“Token sales are not dead,” Lemniscap managing partner Roderik van der Graaf told CoinDesk. “We still believe there are such things as properly designed crypto networks with tokens.”
Nym Technologies CEO Harry Halpin told CoinDesk the company plans to launch a testnet by 2020. He declined to specify which blockchain the startup’s native token is based on in the meantime.
“The primary thesis is that we can incentivize privacy-enhancing features,” Halpin said of his startup’s token-centric approach. “If I run a VPN [today] I can get paid but then I have to hold all the financial data of my users.”
Nym wants to “anonymize the world,” Halpin has said, with software that can be applied to crypto wallets and other mobile apps to mask IP addresses and user data from the network itself. Bitcoin veteran Amir Taaki is already working on integrating this capability with his Dark Wallet project.
“We’re building the protocols and other people will provision the infrastructure,” Halpin said. “We believe our system should allow users to pay as they want, using fair prices for whatever services people want to provide.”
The token economics of the platform are still under development, however, according to Nym investor Lasse Clausen of 1kx.
“On a basic level there will be a staking token,” Clausen told CoinDesk.
Halpin told CoinDesk the token will mainly be used for fees, to reward node operators and staking for service providers.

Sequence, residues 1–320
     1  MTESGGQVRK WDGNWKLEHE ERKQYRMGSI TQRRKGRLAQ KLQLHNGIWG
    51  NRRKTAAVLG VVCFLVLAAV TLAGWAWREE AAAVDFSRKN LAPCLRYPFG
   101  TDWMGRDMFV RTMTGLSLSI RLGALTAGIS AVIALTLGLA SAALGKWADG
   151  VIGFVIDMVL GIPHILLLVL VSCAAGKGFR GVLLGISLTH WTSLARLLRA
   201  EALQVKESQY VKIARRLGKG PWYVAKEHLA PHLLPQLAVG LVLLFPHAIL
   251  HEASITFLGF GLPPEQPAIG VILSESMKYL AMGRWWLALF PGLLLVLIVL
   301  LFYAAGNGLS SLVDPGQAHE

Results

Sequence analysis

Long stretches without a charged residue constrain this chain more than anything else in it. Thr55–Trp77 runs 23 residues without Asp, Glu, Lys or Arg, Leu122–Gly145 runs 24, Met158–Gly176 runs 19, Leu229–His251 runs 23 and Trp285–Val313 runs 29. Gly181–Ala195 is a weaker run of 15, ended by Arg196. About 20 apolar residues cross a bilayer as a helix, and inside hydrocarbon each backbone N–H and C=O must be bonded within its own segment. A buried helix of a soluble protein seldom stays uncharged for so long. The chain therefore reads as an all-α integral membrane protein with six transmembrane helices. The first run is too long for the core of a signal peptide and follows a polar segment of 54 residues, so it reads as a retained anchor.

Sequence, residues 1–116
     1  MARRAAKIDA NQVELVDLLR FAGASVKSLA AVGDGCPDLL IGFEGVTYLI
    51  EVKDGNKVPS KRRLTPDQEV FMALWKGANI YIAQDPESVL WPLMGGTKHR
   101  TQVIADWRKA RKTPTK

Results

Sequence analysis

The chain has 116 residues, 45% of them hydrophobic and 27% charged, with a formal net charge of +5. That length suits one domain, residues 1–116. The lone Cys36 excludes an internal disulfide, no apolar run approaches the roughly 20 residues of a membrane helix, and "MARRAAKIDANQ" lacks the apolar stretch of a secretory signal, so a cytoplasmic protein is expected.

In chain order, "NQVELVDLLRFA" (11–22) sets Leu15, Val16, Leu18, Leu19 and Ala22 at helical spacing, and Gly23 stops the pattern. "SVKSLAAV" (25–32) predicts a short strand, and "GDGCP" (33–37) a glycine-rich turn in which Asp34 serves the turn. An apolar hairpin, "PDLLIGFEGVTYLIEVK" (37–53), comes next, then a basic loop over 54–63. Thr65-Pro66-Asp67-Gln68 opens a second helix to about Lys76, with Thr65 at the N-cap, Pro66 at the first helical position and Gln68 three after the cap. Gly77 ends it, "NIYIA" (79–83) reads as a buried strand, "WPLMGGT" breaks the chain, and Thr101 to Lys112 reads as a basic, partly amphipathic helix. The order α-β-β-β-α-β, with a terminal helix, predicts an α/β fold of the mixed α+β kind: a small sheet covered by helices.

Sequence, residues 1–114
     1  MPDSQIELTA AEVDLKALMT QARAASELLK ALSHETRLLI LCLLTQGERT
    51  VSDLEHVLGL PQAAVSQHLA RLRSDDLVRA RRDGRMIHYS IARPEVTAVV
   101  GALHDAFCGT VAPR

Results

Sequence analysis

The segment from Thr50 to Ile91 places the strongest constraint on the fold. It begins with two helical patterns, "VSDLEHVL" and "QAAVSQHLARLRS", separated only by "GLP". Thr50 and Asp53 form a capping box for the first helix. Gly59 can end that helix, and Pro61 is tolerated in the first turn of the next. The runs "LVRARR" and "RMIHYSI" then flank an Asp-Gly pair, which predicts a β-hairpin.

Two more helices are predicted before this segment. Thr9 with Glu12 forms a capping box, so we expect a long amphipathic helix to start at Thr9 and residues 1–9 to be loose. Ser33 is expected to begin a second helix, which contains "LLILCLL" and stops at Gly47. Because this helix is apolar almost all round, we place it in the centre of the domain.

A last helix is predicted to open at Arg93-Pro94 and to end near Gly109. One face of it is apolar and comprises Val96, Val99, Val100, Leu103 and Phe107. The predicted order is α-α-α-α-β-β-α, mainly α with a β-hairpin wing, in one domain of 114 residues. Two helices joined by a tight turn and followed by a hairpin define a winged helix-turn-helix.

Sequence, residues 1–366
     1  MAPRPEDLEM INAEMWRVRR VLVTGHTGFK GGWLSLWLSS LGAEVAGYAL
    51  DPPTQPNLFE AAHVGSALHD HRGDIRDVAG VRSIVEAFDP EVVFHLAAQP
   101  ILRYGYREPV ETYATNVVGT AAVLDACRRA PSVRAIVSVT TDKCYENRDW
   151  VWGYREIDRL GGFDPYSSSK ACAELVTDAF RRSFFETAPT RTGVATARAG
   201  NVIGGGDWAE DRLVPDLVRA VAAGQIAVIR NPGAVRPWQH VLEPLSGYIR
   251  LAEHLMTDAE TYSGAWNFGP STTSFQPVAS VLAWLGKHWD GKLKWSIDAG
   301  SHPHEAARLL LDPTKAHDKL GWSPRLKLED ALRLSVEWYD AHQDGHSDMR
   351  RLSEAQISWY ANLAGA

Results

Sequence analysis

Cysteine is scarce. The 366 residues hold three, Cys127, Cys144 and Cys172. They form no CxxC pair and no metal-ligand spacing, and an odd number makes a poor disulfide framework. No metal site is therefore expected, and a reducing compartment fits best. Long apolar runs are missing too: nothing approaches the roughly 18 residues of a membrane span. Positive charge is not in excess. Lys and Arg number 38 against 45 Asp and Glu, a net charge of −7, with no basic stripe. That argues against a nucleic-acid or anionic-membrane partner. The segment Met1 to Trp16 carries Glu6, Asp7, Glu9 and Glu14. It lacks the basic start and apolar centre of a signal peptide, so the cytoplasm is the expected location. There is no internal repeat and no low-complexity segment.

“In my opinion, the tokens will of course have value,” he said. “That value will come from its utility and its ability to help other tokens improve their privacy.”
So far, according to Edenblock partner Lior Messika, NYM tokens are basically vouchers for future use of privacy-enhanced services, such as sending a certain number of messages within a messaging service or using a certain capacity of data through a VPN service.
Web3 Foundation director Ryan Zurrer told CoinDesk that the broader industry sorely needs authentication software that isn’t controlled by centralized entities.
Nym’s infrastructure solutions could address that demand by helping product and service providers avoid collecting user data, a vision that coincides with the cypherpunk ethos.
Indeed, after Facebook acquired the blockchain startup Chainspace, Chainspace founder Dave Hrycyszyn joined Nym Technologies instead.
“Here’s a privacy project, that’s what I like,” Hrycyszyn told CoinDesk.
Speaking to the broader point of protecting user privacy, van der Graaf added:
“[Nym’s] protocol doesn’t only anonymize at the protocol layer but also the network layer. So that is a major difference compared to something like Tor. They even mix the data packets at the network layer therefore anonymizing metadata such as IP addresses, geolocations, etc. It’s really one step ahead of the solutions that are out there at the moment.”
Image of the Nym Technologies team – (left to right) Harry Halpin, Nargess Dadkhah, Ania Piotrowska, Jedrzej Stuczynski, Jonathan King and Dave Hrycyszyn – courtesy of the company